Google’s Vulnerability Program helped it identify and fix 2,900 security flaws last year

Google paid out the most money it ever has in 2022 to security researchers.

Vulnerabilities are a certainty in software, and developers will always assume that their software is vulnerable in some way, shape, or form to some kind of attack. However, it’s not always possible for companies to identify every single problem with a piece of software, and often, a fix for a vulnerability may result in another vulnerability cropping up elsewhere. Bug bounties and vulnerability reward programs are important in order to incentivize security researchers to look a little bit closer at software, while also pushing would-be bad actors to get an immediate payout and alert the company of the problem instead. 2022 was the biggest year for Google’s Vulnerability Reward Programs yet.

In 2022, Google paid out $12 million in bounty rewards, spread out over more than 2,900 security vulnerabilities. The highest of which was a payout in the Android Vulnerability Program, in the form of a payment of $605,000. Android’s Vulnerability Reward Program as a whole saw $4.8 million paid out in rewards, and the Android Chipset Security Reward Program, an invite-only reward program, rewarded $468,000 over more than 700 reports.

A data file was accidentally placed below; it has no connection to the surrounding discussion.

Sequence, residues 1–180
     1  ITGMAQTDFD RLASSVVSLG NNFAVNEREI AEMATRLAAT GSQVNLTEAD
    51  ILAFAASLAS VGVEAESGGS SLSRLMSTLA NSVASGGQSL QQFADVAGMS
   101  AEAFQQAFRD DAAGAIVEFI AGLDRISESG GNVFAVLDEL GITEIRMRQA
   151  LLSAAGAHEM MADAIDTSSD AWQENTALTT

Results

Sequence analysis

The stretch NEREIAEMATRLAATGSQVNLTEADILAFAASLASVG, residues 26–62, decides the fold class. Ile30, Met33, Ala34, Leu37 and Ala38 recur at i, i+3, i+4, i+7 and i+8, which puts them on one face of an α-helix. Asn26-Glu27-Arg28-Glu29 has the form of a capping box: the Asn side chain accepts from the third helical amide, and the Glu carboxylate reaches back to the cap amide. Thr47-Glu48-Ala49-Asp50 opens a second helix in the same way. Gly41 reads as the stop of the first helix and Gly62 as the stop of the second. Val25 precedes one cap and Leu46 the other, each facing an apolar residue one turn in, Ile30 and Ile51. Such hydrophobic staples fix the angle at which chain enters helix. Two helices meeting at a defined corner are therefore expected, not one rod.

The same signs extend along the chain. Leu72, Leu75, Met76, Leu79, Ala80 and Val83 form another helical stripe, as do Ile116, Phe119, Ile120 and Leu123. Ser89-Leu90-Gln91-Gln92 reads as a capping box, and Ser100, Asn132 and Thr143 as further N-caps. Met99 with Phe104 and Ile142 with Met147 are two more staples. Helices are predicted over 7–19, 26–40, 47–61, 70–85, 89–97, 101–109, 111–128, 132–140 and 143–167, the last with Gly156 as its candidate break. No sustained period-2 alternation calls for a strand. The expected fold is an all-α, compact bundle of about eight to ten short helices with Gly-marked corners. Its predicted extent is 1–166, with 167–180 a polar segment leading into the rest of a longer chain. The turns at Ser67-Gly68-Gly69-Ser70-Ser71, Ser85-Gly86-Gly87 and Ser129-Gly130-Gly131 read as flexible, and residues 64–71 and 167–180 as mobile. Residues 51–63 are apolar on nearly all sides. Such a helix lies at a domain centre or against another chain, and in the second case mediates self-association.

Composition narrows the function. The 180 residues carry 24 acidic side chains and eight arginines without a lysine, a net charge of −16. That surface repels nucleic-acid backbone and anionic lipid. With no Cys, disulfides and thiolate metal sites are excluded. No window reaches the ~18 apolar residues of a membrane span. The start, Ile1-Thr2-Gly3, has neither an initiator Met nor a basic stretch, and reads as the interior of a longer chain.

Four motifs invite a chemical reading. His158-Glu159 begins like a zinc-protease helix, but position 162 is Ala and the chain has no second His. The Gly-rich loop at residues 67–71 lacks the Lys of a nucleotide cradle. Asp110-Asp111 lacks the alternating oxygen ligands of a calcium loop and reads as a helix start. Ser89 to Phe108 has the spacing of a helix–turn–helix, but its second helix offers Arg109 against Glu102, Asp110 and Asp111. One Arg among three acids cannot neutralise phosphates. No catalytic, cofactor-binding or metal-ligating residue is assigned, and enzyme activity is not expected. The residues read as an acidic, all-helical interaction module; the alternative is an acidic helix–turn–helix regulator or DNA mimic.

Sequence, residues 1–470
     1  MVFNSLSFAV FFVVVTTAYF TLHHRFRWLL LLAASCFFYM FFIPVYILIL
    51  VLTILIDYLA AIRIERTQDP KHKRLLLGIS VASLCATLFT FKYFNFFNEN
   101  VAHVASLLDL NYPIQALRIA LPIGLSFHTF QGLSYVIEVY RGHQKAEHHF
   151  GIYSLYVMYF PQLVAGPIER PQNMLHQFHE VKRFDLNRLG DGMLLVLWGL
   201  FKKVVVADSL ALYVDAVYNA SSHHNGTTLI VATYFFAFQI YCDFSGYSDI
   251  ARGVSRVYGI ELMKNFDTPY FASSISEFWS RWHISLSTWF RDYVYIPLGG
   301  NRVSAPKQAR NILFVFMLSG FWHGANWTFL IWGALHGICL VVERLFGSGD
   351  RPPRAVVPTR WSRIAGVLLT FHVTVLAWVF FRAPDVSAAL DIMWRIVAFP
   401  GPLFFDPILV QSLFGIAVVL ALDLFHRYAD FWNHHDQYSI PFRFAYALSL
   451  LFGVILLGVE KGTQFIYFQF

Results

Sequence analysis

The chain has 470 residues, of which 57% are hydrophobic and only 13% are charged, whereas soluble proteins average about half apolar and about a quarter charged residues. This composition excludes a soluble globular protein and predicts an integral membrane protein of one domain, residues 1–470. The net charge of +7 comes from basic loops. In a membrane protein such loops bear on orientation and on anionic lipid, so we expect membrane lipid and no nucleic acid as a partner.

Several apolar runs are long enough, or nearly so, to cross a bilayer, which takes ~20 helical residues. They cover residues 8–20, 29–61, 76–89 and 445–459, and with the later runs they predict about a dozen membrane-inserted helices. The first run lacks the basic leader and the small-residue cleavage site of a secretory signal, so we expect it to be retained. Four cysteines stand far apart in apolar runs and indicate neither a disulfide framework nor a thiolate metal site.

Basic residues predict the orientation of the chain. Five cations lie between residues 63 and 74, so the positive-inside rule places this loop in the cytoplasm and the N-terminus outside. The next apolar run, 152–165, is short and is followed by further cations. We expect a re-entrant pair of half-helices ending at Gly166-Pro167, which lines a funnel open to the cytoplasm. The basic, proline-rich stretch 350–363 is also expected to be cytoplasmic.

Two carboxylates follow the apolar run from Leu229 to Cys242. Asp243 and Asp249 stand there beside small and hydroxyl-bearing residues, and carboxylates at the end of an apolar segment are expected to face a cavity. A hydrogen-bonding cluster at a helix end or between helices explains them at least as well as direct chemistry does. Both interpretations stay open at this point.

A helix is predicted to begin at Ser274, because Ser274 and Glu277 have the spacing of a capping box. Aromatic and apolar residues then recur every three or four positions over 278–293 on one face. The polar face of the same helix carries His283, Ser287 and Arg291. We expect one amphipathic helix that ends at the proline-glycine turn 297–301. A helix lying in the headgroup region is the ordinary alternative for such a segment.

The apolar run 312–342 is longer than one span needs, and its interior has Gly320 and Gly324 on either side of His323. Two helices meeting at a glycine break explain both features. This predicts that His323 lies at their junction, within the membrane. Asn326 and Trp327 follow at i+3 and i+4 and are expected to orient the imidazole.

As for Google Chrome, the Chrome Vulnerability Reward Program saw a total of $4 million in payouts. $3.5 million of that went towards rewarding researchers who discovered 363 bugs in Google Chrome, and nearly $500,000 of that went towards researchers finding bugs in ChromeOS. This year, the Chrome VRP has added a new category last year for memory-corruption bugs in highly privileged processes to incentivize researchers to target those areas.

As a large contributor to the open source software community (OSS), Google also introduced a vulnerability reward program for its own OSS programs. Over 100 people have participated in the project and received rewards totaling more than $110,000.

If you’re interested in figuring out how to find bugs and vulnerabilities yourself, Google launched Bug Hunters University (BHU) last year as well. There are instructional videos, guides on making reports, and security researchers such as LiveOverflow and stacksmashing (formerly Ghidra Ninja) are contributors to BHU. Google has made continued efforts in financially supporting security researchers who find bugs and vulnerabilities in Google software, and you can check out the “Hacking Google” miniseries on YouTube for a behind-the-scenes look.